3. Do you eat enough fruits and veggies? That “apple a day” thing really works! You say you don’t like apples? Try some other fruits, or better yet, have a smoothie for breakfast!
  4. Where do your carbs come from? You should try to limit your simple carbohydrates like bread, cookies, flour-based pasta and bready casseroles. Most of your daily carbs (which give you energy) should come from your fresh or frozen fruits and veggies. Some are better than others, but all have benefits for your health.
  5. Do you have some lean protein at every meal? Lean protein doesn’t have to be animal protein. There are lots of plant-based proteins that are healthy, lean, and tasty!
  6. How much water do you drink each day? I cannot say enough about this important concept. Your body is mostly made of water, so a little dehydration can wreak havoc on your health and energy. Try adding a little fresh-squeezed lemon juice if you don’t like the taste of water. Invest in a water filter if your tap water has added chemicals like chlorine (which most municipal water has). But drink up! I shoot for 100 oz. each day and I usually succeed. Of course, there is a side effect of increasing your water intake: you’ll go to the bathroom lots of times throughout the day. But the upside is that you’ll always know where the public restroom is when you need one! The water flushes impurities from your body, helps with digestion, and keeps you regular if you know what I mean…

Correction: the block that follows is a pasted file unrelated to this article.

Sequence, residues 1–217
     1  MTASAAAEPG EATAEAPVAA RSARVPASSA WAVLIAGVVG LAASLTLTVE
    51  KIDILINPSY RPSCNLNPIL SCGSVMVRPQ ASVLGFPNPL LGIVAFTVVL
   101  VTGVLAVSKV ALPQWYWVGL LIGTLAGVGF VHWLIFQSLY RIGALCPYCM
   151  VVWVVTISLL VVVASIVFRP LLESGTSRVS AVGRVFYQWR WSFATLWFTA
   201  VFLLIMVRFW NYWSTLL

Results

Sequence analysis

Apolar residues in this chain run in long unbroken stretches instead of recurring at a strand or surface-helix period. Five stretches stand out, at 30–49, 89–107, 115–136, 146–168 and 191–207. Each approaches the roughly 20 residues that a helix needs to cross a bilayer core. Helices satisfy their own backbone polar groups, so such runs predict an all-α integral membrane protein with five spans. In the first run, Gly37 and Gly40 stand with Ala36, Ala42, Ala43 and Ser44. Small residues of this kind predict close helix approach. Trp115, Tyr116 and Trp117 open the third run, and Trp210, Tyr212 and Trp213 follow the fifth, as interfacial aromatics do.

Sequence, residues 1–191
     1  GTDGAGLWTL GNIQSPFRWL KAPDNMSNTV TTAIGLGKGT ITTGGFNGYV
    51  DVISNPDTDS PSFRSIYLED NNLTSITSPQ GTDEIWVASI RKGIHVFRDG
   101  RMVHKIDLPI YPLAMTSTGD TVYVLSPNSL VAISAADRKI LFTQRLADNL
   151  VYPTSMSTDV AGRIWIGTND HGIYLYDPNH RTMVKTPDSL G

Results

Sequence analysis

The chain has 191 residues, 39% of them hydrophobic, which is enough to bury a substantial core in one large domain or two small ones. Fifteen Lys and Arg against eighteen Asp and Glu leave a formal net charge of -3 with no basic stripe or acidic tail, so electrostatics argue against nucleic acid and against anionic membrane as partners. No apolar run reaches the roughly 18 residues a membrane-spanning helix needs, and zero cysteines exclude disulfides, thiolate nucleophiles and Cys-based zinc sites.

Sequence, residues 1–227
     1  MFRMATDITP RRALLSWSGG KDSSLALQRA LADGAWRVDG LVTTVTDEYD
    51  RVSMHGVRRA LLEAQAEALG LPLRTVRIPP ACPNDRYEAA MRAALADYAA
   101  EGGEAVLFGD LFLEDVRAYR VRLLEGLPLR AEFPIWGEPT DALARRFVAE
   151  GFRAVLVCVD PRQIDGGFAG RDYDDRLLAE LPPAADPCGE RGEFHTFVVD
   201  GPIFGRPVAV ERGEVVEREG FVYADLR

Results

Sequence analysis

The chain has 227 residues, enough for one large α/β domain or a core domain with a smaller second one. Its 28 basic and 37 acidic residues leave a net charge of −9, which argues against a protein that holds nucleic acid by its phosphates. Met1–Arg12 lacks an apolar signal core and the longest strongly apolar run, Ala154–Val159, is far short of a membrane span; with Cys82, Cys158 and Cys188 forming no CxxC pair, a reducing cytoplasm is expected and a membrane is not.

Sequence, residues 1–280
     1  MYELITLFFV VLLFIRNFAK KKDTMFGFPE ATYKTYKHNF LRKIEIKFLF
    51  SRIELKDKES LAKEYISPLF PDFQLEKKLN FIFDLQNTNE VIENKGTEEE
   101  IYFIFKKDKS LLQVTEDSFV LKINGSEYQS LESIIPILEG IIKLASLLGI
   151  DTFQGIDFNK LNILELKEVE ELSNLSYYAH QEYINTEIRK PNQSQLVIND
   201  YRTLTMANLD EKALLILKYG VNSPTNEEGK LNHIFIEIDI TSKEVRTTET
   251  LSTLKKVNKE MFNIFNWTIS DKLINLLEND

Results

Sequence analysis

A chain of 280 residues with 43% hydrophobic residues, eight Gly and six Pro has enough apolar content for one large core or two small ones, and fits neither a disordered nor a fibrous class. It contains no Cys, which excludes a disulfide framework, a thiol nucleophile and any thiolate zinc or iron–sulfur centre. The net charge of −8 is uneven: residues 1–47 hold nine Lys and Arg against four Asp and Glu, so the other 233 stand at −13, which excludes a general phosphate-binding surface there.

I could go on and on, but I’m no nutritionist. I’m just a family caregiver who has struggled over the years with being overweight, fatigued, foggy-brained and depressed. When I began to put together how much difference the food I was eating could make on how I felt in the rush of my day, I began to make changes and discovered the power of food in my life!

By the way, when I suggested in #3 above having a smoothie for breakfast, I don’t mean the ones you can pick up at the drive-thru. Those usually have massive amounts of sugar, because Americans think it has to taste sweet if it’s a smoothie. And, if you didn’t already know this, added sugar can leave you feeling foggy-brained, tired, and slow. But if you make your smoothie at home with a good blender, you can start your day (or have lunch) with fresh spinach, kale, berries, pineapple, coconut water or coconut milk, and some hemp hearts for protein. It’s delicious, and you have a complete meal in a glass! Even better, you won’t feel tired or draggy afterward, and it will keep you going for hours! Here’s my go-to website for ideas on great smoothies:

Oh, and I forgot to mention, I can still have the occasional slice of cheesecake. It’s still my guilty pleasure, but it’s an indulgence, not a reward, and not comfort food. My health and energy are too valuable to give cheesecake that kind of power in my life. It’s my energy, my health, and my life, as well as the health and life of those I care for. When I eat friendly foods, I give better care. It’s that simple.

Join the conversation below, and share your heart on this and other issues affecting family caregivers!